So much for pragmatism…

  14. scatterbrian - Jun 28, 2010 at 1:58 PM

    I don’t see the need to dump four teams, but two teams seems feasible. The math still isn’t perfect, as you’d likely have 14 teams in each league but no even distribution for divisions. But it does provide an opportunity for a more radical change: have each team play the other 27 teams six times, three at home and three on the road. (27 x 6 = 162)

  15. Utley's hair - Jun 28, 2010 at 2:15 PM

    Just throwing this out there in the spirit of the World Cup–what about relegation?

  16. Ditto65 - Jun 28, 2010 at 2:52 PM

    Ditch Califronia.

  17. MG19 - Jun 28, 2010 at 3:29 PM

    ditch the muts…theyre just gross, and there colors are the ones of throwup.
    realistically, everytime has been successful in their history one time or another (pirates of the 70s, royals of whenever i forgot, cal ripken and few success stories of the orioles, and even the phillies who have lost the most games of ALL time, but they did win in 80, my friends) so bottom line is, shutup keith, nothing you say will change shit.

  18. Flup - Jun 28, 2010 at 4:01 PM

    This thread would be funny if it weren’t annoying. Everyone wants either to contract the teams that have been bad in recent seasons, or the teams that irritate them (although here OG gets a pass, since his is the only post that’s clearly intentionally ironic). Which I guess goes to show that there are no clear candidates for contraction. Realignment, now, that is worth considering.
    MG19 – if you look at winning percentage, the O’s were pretty much the best team in the AL for twenty years running from the mid sixties through the early eighties. So: more than “a few success stories.” It depresses me to hell that nobody remembers what a great team the Orioles were.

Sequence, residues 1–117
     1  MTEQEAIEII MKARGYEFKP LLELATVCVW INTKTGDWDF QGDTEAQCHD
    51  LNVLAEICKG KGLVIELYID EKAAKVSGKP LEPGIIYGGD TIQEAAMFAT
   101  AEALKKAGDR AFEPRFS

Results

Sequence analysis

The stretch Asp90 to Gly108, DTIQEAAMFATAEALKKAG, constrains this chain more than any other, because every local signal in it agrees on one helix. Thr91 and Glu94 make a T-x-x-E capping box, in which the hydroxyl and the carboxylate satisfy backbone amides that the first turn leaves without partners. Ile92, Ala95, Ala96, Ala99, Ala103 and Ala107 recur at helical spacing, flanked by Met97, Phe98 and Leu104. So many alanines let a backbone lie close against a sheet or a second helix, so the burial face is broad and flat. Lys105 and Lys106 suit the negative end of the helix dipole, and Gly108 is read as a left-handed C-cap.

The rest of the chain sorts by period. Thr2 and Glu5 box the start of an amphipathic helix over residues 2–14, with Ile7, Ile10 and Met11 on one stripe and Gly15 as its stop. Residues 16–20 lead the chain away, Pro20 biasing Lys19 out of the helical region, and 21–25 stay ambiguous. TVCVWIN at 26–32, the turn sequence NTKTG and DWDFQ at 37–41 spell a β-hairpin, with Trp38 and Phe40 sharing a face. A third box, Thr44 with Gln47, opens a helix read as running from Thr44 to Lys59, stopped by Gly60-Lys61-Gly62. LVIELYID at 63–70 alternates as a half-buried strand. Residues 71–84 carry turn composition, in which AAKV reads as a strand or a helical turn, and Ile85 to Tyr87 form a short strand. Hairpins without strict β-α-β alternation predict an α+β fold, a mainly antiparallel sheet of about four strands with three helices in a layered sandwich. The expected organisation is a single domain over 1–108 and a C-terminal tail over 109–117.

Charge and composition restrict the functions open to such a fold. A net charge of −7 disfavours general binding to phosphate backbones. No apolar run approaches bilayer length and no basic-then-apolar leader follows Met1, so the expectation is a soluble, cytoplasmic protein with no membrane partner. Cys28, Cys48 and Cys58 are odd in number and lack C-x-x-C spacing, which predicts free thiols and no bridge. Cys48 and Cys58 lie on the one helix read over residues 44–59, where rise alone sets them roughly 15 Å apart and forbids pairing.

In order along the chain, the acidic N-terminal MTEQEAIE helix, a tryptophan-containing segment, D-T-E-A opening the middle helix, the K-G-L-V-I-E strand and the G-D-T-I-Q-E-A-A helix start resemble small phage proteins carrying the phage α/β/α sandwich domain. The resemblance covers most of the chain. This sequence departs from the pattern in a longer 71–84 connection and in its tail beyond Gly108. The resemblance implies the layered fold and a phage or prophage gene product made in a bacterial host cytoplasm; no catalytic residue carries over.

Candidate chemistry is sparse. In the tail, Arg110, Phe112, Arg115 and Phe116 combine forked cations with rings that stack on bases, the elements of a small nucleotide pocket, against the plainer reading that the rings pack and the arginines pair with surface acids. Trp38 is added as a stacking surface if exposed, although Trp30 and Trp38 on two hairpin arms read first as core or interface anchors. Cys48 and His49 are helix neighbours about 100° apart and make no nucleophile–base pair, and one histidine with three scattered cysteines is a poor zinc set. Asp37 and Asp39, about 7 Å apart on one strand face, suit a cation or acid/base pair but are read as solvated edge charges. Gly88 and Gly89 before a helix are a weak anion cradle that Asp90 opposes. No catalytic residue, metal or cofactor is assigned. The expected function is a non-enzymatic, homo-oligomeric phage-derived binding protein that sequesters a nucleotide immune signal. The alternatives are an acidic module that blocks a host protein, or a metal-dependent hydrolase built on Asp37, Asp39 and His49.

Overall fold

19. Boo Hoo Florio picked on your team - GET OVER IT - Jun 28, 2010 at 7:48 PM

    I’d contract Keith Hernandez.
    Every time we have contraction talk, everybody goes scrambling for the franchises doing the worst win/loss-wise. But that’s dumb, as you pointed out, because most of those owners undercut their teams in the name of profit. Carl Pohlad of the Twins is one of the richer owners in the league yet proclaims his franchise can’t afford to keep up with the Joneses. Balderdash. It’s a money-making business for some of these owners, not a passion.
    I’d rather talk about contracting [i]owners[/i] for the good of baseball. Jeffrey Lurie would be an obvious top choice.

  20. walk - Jun 28, 2010 at 8:10 PM

    Take average payroll over a period of years, say last 10-15 years cut the four lowest payrolls or go by attendance. Those may even be the same teams. Hmmm wonder if fan graphs has that info, think im gonna go grab a beer and see if i can find something on it. The issue i have with contraction is it is a case of what have you done for me lately. For instance Baltimore is a historic team but are sucking it up right now and i bet many people would place them on list to be contracted, just food for thought.

  21. MG19 - Jun 29, 2010 at 1:32 PM

    im 19 years old, cant help it..thats why i didnt name any specifics because i would have been way off